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Kanka is a portable rotisserie grill you can set up practically anywhere

Don’t get us wrong, meat cooked on a normal grill is one of the most delicious things on Earth, but even so, it just can’t compare to meat cooked rotisserie style. There’s a special kind of magic that happens when you spin a hunk of meat over low heat for an extended period of time. The only downside, however, is that it’s a pain in the hindquarters to do yourself.

Sure, you can always head to the local deli to get your rotisserie fix, or a maybe even buy a fancypants oven attachment to do it at home, but if you want to do it the old fashioned way –over an open flame– you’ve typically got no other choice than to bite the bullet and commit a couple hours to spinning that sucker manually.

But now, with the help of technology, you might never again have to slave away at the spit. Kanka, a recently-launched Kickstarter project, is a portable rotisserie system that does all the spinning for you, and can be set up practically anywhere.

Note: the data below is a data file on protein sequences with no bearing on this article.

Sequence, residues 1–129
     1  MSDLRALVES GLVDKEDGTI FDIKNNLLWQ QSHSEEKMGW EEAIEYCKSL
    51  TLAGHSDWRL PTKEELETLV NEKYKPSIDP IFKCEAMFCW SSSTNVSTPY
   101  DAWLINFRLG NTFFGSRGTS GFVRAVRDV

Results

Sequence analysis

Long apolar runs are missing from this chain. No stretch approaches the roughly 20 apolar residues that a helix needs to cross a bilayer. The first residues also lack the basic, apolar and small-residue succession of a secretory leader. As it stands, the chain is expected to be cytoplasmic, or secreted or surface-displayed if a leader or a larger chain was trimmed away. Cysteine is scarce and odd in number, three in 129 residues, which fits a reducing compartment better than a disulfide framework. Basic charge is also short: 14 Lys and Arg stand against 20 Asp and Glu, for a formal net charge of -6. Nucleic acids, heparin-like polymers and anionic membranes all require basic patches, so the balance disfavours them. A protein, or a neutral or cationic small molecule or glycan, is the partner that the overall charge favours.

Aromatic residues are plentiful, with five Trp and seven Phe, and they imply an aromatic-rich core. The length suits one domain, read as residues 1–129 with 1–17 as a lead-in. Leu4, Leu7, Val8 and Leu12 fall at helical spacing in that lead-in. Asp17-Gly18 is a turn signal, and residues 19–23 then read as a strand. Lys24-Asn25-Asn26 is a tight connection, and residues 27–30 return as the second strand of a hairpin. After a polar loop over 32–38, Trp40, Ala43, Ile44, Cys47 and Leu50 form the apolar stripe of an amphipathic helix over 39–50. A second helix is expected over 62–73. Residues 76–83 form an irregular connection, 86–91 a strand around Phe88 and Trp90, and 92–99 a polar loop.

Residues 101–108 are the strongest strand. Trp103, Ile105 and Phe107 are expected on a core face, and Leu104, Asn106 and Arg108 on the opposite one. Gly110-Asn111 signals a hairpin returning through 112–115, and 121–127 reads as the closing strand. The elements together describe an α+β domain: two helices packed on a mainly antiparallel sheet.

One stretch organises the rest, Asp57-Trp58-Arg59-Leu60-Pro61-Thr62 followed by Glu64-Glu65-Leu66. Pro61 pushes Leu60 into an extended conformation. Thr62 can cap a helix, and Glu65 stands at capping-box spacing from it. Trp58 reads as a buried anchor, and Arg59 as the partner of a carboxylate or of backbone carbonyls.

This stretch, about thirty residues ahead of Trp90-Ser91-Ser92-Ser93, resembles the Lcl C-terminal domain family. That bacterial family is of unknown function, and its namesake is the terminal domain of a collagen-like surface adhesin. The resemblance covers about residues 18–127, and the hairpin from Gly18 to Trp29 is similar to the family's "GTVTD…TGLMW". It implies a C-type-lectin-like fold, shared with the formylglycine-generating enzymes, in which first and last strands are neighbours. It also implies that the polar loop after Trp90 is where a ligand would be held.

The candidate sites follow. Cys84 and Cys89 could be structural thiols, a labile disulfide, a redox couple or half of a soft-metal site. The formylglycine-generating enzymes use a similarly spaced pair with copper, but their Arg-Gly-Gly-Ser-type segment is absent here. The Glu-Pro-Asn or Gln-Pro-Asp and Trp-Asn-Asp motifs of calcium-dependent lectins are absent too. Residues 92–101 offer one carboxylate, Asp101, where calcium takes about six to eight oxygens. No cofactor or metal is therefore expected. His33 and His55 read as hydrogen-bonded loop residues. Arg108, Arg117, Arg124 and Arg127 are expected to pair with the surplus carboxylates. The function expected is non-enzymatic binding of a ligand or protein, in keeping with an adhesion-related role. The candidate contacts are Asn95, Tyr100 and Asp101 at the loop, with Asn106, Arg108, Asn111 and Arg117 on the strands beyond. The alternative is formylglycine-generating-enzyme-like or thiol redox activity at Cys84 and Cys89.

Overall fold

Kanka grill

Now to be fair, this definitely isn’t the first motorized rotisserie grill that’s ever been invented. If you poke around a bit, you can find other versions scattered all over the web. But Kanka is different. Unlike most of its predecessors, this badboy weighs only 11 pounds and can be assembled or broken down in a matter of seconds, so it’s ideal for backyard barbecues and camping trips alike.

This high degree of portability is mostly derived from the grill’s ultra-minimalist design. Kanka consists of three main parts: a single stainless steel mounting pillar, a small battery-powered motor, and a large four-pronged skewer. The idea is that you plant the mounting pillar firmly into the ground, and then affix the motor/skewer assembly onto it at the height of your choosing. It might look somewhat precarious, but the the pole/skewer assembly  is designed to hold up to 11 pounds of food at any height.

At this point the Kanka’s creators have only built a handful of functioning prototypes, but they’re recently turned to Kickstarter to raise money for their first large-scale production run. They’ve still got a long way to go before they meet their 45K funding goal,  but if you back the project now you can lock one down for 25o bucks.

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